83
Student Lesson 2

The Science of Mental Illness

Procedure

Activity 1: What’s the Health Problem?
For classes using the Web-based version of this activity:

1. Explain to students that they will play the role of medical interns who are completing a clinical experience with a doctor. You may want to explain to students that case studies similar to those in this lesson are an important part of doctors’ professional lives. Analyzing cases helps physicians learn about the process of diagnosing and treating patients as well as the characteristics of various diseases. 2. Organize the class into teams of two to three students. Number the teams 1 through 8 and explain that each team will analyze two cases. Distribute 1 copy of Master 2.1, Analyzing the Cases, to each team and tell students they will work with their team members to complete the chart for each of their cases. There are six different cases in this activity. The Web program selects two cases for each team to analyze according to the team’s number. Teams will analyze one of Cases A through D first, and then either Case E or F. As long as you have at least four teams, each of the six cases will be viewed by at least one team. 3. Tell students that when they get to the computers, they will click on their assigned team number and then begin to review the first of their two cases. Inform students that they can get more information following Part 2 and during Part 3 by clicking on the button “Doctors’ Reference Manual.” Be sure all of the computers have loaded the page for Lesson 2 that includes links for “The Cases” and “Looking Inside the Brain.” See Preparation for Activity 1 on page 83. The “Doctors’ Reference Manual” will not be available for Part 1, but it will appear when students get to Parts 2 and 3. After students complete a part of the case, they can watch it or a previous part again. The programming does not permit students to watch parts out of sequence. They must watch Part 1 before they can watch Part 2, for example. 4. Direct teams to computer stations. Circulate around the room to make sure that all groups understand their task. 5. As teams complete their work, distribute transparency pens and transparencies made from Masters 2.4, 2.5, and 2.6, Comparing the Cases, to the appropriate teams. Ask teams to complete the column for one of the cases they analyzed.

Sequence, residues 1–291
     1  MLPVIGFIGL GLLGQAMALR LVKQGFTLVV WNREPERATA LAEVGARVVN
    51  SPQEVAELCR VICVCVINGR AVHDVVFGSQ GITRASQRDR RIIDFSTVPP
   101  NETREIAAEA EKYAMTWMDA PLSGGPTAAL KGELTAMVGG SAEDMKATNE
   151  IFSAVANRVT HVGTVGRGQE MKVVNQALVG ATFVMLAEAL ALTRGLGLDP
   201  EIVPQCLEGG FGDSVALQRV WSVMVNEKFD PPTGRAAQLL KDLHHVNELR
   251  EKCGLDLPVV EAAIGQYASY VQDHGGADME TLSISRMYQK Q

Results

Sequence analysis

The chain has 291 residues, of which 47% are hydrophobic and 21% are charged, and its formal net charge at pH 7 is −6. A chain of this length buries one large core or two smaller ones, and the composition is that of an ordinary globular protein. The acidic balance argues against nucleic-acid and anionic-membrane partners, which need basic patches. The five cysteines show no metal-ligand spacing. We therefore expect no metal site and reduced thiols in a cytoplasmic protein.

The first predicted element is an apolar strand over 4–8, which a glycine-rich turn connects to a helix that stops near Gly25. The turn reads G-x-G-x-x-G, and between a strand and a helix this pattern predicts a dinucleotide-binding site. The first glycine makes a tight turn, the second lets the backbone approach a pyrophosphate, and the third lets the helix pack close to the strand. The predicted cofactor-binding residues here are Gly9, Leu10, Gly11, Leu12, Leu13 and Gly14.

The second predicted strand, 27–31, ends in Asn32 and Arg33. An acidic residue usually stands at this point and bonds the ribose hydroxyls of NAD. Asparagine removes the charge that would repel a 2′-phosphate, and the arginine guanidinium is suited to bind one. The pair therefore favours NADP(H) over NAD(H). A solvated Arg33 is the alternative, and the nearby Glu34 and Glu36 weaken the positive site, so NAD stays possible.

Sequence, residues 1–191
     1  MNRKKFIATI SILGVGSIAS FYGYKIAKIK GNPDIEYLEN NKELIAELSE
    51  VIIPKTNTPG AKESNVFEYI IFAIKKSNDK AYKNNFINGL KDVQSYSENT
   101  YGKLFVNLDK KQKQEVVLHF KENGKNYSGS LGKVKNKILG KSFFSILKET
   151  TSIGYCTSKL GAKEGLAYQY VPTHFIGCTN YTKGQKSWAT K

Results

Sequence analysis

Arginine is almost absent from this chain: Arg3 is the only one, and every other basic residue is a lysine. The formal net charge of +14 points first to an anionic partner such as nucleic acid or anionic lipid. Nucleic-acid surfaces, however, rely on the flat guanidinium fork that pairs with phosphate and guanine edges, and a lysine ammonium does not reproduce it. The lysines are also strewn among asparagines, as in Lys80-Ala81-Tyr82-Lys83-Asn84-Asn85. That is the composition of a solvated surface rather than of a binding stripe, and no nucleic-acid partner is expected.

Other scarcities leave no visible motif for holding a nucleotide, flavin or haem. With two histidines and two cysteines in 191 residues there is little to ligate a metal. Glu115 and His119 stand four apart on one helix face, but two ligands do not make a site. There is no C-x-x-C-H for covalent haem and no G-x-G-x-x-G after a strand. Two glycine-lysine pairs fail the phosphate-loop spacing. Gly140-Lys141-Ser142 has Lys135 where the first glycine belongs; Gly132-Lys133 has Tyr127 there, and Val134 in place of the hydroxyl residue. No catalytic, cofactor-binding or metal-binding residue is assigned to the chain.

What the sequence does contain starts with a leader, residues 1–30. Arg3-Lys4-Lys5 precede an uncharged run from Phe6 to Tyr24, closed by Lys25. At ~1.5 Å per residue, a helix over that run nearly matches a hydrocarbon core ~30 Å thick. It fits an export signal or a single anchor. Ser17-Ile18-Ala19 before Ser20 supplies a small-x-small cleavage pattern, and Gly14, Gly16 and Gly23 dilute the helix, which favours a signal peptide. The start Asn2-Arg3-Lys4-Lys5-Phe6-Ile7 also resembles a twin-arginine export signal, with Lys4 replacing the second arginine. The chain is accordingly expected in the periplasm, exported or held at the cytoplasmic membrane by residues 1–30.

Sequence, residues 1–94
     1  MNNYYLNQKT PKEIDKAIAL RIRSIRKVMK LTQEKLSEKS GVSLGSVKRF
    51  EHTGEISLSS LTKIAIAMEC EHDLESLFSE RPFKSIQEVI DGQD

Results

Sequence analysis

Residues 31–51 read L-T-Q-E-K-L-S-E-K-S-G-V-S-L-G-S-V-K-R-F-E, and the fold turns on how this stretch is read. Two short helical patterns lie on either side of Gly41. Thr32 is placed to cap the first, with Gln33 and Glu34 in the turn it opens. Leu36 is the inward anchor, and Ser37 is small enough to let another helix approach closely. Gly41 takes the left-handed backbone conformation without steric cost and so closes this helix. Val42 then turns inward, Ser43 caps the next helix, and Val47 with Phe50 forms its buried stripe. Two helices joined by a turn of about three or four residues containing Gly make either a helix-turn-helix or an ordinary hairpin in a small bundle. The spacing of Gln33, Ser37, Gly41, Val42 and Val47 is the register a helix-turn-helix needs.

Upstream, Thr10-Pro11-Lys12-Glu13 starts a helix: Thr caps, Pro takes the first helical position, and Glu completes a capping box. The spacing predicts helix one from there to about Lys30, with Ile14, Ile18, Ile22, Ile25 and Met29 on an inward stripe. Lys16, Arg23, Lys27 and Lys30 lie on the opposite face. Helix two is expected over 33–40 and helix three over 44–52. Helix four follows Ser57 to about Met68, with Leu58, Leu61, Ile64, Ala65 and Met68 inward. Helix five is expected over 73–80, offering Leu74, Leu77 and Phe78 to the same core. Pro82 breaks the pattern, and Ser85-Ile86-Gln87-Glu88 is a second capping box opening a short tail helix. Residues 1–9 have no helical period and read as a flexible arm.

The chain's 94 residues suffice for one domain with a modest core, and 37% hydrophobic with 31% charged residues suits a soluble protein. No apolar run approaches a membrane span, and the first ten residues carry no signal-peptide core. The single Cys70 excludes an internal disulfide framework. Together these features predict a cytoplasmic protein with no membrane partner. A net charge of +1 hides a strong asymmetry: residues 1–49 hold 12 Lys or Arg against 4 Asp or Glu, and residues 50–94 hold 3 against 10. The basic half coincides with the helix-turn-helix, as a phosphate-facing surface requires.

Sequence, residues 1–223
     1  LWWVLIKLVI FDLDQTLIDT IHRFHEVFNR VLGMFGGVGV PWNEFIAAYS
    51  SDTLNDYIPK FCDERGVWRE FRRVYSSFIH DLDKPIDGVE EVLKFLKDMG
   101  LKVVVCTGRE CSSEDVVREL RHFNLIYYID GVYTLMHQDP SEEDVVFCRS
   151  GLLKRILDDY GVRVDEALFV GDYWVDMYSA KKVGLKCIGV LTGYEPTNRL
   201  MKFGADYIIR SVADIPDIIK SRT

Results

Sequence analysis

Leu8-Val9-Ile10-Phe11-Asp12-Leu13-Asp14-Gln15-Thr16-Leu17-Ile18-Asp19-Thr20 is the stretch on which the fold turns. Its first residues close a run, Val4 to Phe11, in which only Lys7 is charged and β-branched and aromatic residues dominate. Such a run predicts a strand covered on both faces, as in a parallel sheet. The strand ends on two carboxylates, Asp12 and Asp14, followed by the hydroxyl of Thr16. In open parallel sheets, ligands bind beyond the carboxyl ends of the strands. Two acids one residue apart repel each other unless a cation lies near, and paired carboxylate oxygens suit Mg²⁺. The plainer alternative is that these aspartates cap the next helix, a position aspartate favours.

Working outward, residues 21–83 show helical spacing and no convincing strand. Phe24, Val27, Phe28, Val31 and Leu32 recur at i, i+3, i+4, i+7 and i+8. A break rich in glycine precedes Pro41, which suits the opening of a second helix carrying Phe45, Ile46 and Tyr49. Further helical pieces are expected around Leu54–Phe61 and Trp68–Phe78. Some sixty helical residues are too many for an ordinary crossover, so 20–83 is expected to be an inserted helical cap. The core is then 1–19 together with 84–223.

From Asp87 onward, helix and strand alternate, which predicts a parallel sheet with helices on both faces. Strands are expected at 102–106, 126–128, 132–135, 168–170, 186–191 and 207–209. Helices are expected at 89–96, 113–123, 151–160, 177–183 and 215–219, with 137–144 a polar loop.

84